I posted the final section of my paper from last spring’s independent study (actually there was another section where I looked at current examples of games I thought came close to this idea, but I cut it because I didn’t like it very much) which gave me an opportunity to re-read it and think about the ideas I was exploring then. Here are some musings.
After I finished it last year, I did not think that the paper was very well researched, and the writing was fairly rushed. Rereading it, it is more cohesive than I thought, and many of the ideas are still relevant. Immediately after writing it lulzsec became very prominent, and Wikileaks has faded. For a short period of time last spring, it seemed that political hacktivism was not being lumped in with the big scary hackers and crackers, but lulzsec ended that I think. Keeping track of their twitter/IRC soap opera is impossible when they change names and identities faster than they change targets and ideologies.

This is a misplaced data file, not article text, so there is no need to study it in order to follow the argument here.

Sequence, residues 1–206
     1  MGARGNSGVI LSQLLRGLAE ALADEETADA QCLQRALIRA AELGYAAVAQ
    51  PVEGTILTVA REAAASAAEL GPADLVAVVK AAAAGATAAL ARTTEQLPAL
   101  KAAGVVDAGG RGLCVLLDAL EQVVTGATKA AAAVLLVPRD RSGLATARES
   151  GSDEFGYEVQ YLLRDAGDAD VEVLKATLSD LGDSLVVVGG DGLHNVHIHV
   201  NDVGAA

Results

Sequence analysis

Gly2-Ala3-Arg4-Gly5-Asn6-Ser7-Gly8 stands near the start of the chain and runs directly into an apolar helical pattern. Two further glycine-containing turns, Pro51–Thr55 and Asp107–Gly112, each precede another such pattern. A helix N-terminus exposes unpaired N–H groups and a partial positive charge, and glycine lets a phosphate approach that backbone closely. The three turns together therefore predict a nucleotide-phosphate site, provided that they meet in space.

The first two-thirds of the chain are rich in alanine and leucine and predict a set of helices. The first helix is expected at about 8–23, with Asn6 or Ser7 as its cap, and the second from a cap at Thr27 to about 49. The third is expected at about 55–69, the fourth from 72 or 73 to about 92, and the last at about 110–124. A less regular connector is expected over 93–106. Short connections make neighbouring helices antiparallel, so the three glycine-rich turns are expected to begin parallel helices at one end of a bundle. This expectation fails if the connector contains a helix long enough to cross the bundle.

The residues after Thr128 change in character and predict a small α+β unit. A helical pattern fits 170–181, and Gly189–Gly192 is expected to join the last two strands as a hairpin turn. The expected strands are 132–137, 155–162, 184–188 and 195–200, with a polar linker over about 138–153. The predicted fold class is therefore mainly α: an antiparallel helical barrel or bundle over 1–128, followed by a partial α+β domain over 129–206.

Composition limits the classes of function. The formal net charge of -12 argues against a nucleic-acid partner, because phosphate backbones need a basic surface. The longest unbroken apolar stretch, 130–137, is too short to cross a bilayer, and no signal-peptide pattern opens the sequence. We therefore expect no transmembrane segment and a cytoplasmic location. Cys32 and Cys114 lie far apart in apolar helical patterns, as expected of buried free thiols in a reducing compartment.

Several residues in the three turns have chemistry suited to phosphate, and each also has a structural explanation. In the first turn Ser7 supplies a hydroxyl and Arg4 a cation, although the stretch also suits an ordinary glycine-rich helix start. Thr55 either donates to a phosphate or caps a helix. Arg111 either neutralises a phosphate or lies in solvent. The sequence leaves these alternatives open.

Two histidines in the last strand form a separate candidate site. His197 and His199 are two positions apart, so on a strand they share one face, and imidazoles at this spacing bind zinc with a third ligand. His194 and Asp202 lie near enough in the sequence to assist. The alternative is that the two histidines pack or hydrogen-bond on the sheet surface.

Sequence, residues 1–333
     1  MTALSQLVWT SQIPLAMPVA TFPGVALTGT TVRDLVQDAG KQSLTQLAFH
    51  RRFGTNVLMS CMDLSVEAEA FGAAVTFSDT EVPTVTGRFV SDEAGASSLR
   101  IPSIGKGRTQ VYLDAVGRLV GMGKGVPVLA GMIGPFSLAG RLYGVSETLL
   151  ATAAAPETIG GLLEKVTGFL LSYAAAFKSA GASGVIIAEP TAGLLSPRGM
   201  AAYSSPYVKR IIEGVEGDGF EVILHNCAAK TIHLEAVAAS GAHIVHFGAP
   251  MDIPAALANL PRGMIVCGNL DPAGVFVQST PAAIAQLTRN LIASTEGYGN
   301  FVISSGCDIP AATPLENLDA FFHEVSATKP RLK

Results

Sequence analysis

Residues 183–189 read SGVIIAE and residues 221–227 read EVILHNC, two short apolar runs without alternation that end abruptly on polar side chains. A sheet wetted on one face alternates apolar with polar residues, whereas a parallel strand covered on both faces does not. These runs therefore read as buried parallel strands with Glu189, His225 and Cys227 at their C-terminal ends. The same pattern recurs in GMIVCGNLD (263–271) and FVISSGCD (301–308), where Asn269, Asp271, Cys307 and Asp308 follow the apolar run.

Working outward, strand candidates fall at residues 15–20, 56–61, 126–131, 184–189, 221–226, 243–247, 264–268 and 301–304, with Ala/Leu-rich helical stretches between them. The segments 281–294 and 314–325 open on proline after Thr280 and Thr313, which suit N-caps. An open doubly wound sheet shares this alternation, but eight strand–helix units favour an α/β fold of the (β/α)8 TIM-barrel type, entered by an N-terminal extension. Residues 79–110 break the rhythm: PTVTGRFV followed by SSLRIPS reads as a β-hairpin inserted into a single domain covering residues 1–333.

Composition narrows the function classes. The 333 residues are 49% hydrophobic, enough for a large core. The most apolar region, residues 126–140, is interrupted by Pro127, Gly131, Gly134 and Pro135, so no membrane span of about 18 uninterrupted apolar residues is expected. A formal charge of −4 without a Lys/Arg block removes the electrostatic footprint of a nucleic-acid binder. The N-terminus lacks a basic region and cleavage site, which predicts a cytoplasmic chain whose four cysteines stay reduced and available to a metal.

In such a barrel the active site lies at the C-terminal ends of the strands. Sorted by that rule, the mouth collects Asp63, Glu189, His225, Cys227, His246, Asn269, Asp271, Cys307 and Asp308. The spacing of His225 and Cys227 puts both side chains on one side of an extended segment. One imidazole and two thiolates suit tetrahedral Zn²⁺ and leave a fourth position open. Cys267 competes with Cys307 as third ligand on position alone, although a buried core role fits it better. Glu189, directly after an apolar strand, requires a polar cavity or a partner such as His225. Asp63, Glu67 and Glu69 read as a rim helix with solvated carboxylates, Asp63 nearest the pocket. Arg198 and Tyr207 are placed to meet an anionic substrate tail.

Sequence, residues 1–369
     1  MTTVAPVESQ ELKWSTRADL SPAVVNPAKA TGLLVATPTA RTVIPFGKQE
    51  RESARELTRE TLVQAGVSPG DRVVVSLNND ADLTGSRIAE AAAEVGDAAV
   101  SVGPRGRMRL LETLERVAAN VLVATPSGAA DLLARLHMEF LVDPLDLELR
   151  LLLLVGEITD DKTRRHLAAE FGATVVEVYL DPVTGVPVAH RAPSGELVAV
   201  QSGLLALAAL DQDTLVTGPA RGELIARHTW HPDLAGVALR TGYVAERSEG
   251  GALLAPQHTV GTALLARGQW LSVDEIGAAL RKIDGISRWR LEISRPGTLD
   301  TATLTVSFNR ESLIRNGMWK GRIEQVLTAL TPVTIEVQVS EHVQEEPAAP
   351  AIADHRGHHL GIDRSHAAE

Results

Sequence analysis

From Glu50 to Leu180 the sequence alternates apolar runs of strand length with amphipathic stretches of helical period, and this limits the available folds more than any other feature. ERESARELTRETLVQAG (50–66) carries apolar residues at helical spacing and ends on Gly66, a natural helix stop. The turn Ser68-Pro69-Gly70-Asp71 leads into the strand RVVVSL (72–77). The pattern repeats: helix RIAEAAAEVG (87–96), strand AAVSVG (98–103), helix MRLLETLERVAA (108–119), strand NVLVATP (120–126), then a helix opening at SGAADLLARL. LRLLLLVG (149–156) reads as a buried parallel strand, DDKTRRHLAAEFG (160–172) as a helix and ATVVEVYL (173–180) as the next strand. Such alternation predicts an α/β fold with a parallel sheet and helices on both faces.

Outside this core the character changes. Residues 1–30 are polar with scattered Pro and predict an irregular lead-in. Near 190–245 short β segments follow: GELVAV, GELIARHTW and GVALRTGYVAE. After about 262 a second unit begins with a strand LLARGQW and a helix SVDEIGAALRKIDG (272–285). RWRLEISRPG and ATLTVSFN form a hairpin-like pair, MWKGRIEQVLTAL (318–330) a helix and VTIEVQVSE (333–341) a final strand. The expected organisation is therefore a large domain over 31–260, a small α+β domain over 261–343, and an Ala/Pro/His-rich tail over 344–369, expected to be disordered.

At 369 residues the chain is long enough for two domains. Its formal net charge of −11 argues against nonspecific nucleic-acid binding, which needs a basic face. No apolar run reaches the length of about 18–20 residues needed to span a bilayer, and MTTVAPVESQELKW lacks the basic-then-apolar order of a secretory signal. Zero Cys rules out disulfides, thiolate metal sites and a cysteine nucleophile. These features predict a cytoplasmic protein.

I thought that I could follow up the paper with a game that engaged with the content of the leaked cables, but I never did. Figuring out how to engage an audience with the political and economic implications of the leaks rather than the personalities of Wikileaks (Manning, Assange) proved beyond my game design ability and political understanding.
One of the problems I was thinking that hacktivist games could resolve was the political disengagement of my generation (myself included). This fall’s Occupy movement has shown that we aren’t all slaves to our tumblrs quite yet. I now think that non-digital activist games (activist ARG?) would be an interesting area to look at.
I don’t think I will pursue the idea of hacktivist games any further. It was fun to think about, but their utility would not match the cost of production. I now think it is much more worthwhile to promote mass algorithmic literacy and the ways to produce games towards that end.
Next up is tidying my final paper on code studies from my fall senior seminar in English.